Cablegate: Eskom and the World Bank Loan for Medupi


DE RUEHSA #0125/01 0211506
R 211506Z JAN 10




E.O. 12958: N/A


1. (SBU) SUMMARY: Two years after power utility Eskom's electricity
crisis, the state-owned company continues to grapple with financing
expanded supply and diversifying its energy mix. The recently
released Integrated Resource Plan is a brief, three-year planning
document, not revelatory in terms of expanding private engagement
and diversifying the mix to include renewable and nuclear energy. A
more robust Integrated Resource Plan is promised by mid-2010. Post
is engaging closely with both the SAG and local World Bank
representatives with respect to the Bank's proposed $3.75 billion
loan to Eskom to complete the Medupi mega coal plant, to try to
ensure that the loan addresses appropriately all environmental and
other issues of concern to the USG. End Summary.

Spotlight on Eskom

2. (SBU) South Africa's state-owned power utility Eskom is
grappling with expanding and financing power capacity, augmenting
renewable energy and efficiency in its mix, maintaining leadership,
and retaining and developing skills as it struggles to "keep on the
country's lights" and ensure improved future service as economic
growth resumes. Chronic power shortages in 2008 caused a series of
country-wide blackouts and load-shedding with a significant negative
impact on the country's economy and investment environment, with big
production sacrifices in the electricity-hungry sectors such as
mining and minerals smelting. This led to a management "shake-up"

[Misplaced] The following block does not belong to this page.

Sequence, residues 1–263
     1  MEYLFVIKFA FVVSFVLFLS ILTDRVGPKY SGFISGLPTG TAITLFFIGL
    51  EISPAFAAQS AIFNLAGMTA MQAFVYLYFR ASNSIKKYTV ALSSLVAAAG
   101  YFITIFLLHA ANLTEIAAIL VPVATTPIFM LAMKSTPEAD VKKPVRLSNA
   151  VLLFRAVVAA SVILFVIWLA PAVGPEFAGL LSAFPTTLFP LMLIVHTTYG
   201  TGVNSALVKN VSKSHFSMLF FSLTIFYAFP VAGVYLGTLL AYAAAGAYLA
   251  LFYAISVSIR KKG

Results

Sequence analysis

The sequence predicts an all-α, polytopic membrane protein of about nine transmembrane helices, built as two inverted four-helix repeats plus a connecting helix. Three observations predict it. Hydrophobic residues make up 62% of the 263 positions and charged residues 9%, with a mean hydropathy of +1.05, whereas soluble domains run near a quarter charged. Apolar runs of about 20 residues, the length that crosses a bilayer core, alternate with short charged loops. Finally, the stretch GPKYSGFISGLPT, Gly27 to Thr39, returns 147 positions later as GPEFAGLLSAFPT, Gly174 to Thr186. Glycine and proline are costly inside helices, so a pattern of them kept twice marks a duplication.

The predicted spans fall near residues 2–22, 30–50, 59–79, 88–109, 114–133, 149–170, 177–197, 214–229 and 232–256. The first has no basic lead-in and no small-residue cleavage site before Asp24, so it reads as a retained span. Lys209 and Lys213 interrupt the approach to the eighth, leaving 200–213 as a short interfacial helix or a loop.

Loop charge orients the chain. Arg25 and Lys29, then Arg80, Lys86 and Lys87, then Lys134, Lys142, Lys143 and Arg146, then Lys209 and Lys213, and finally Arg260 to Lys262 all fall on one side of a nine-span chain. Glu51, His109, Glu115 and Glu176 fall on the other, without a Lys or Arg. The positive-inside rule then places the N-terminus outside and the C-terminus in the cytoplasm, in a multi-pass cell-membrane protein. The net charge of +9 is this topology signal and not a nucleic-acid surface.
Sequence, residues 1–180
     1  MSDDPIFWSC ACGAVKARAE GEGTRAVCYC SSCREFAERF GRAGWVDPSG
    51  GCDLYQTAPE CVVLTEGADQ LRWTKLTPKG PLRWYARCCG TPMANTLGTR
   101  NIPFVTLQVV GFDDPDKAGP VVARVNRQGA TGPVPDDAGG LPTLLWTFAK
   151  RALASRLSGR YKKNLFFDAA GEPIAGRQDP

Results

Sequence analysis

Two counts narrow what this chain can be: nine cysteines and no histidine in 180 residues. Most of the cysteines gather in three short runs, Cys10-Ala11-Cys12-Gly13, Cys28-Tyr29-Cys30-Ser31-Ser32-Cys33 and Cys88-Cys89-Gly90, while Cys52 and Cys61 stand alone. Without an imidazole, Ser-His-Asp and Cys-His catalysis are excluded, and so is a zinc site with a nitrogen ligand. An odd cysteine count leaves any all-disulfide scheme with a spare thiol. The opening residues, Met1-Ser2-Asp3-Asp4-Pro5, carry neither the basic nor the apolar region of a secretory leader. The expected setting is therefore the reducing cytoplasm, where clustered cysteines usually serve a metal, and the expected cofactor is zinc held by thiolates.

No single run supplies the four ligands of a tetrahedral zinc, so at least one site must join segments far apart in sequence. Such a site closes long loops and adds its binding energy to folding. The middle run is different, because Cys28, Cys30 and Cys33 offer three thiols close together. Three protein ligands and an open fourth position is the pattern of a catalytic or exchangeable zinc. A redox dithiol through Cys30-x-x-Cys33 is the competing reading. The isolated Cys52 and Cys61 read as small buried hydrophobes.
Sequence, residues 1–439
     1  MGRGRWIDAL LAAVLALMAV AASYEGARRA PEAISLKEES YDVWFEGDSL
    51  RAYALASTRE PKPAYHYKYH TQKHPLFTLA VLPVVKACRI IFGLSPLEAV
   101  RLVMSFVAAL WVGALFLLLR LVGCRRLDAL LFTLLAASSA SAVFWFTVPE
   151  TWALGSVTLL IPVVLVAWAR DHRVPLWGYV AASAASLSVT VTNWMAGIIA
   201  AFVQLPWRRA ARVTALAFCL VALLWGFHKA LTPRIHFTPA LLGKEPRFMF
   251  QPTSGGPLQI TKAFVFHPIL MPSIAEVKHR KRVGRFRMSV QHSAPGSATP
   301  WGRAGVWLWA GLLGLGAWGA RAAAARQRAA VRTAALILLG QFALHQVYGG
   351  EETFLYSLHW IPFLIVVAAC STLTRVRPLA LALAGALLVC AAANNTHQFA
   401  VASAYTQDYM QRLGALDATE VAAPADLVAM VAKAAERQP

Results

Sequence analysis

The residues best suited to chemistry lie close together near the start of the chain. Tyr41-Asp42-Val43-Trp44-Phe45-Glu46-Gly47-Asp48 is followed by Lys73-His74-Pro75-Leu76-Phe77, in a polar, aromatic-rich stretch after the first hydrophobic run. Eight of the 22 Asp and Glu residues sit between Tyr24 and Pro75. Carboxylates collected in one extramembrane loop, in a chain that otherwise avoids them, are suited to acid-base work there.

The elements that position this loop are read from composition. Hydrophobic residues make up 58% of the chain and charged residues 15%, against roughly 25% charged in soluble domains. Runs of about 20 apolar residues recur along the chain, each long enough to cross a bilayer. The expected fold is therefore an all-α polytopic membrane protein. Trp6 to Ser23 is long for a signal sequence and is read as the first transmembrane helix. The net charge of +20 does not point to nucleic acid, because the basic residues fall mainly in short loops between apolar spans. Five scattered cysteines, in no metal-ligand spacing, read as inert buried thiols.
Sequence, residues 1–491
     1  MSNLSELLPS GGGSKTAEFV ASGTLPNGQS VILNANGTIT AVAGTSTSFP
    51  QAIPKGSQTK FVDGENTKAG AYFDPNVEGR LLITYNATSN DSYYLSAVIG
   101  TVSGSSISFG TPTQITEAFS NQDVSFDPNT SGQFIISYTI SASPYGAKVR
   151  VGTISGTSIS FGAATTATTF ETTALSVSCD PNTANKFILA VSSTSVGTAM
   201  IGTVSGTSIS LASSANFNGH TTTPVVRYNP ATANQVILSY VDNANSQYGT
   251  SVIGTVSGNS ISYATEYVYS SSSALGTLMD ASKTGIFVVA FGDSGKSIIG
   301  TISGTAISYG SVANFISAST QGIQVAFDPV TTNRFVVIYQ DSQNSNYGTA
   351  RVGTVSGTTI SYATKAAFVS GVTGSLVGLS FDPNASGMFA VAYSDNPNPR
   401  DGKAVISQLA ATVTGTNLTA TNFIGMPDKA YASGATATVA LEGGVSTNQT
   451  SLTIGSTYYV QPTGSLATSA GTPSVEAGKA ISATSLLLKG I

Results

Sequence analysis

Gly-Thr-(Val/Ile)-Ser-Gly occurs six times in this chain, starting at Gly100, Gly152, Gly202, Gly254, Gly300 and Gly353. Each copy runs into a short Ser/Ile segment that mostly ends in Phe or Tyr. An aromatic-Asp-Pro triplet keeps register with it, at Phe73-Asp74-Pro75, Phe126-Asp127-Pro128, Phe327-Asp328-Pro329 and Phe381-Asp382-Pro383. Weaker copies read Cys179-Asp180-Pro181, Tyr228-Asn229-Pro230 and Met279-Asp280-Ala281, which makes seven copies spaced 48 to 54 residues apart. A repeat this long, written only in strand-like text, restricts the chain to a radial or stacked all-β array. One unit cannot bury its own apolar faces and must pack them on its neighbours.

within Eskom that has resulted in a critical review of planning,
maintenance, coal supply, expansion funding mechanisms, electricity
pricing, power purchasing agreements, and renewable energy feed-in
tariffs (REFIT) over the last two years. Under a new Acting CEO and
Board Chair, Mpho Makwana, the utility has contributed mightily to
an integrated resource plan (IRP) for future power supply and demand
management, secured a number of loans to finance in part a R385
billion ($52 billion) generation expansion plan, and applied for a
35 percent rate increase each year from 2010 through 2012. Eskom's
most current request is a revised "multi-year price determination"
(MYPD), scaling back its original (October 2009) application for
three years of 45 percent year-on-year rate increases. South
Africa's national energy regulator (NERSA) is currently holding a
series of public hearings as part of its review process prior to
ruling on the adjusted - and still controversial - tariff increase

The Integrated Resource Plan

3. (SBU) SAG Minister of Energy Dipuo Peters published a
long-awaited, initial two-page Integrated Resource Plan (IRP1) on
December 31, 2009, in which the SAG underscores the need for new
electricity generation capacity and provides a brief list of
short-term projects required, emphasizing energy efficiency, demand
side management, and renewable energy. The South Africa Department
of Energy (SADOE) refers to a process of review "to allow for
consultation with stakeholders" in the document and characterized
that a "process of developing an IRP2 will commence in January
2010". It is expected that IRP 2 will be a more comprehensive and
Q2010". It is expected that IRP 2 will be a more comprehensive and
longer-term plan for electricity generation than IRP1. IRP1, which
was approved by President Zuma's Cabinet, appears to be underpinned
by a more detailed IRP compiled by Eskom in October 2009, in which
the utility's planning team provided details of the "build program",
demand side initiatives, associated forecast assumptions, and some
limitations and concerns.

4. (U) Eskom's document, a copy of which was given to us in
confidence by a member of the World Bank team (protect), presents a
"build program" comprising the Medupi coal-fired power station, the
Kusile coal-fired station, the Ingula pumped-storage station, and
the finalization of the return-to-service (RTS) program of the
previously moth-balled coal-fired stations. All of these generators
are planned to be commissioned between 2012 and 2013. In the longer
term, Renewable Energy Feed-in Tariff programs (REFIT), Medium Term
Power Purchase programs (MTPPP), and the open-cycle gas turbine
(OCGT) independent power producer deals (IPP) are expected to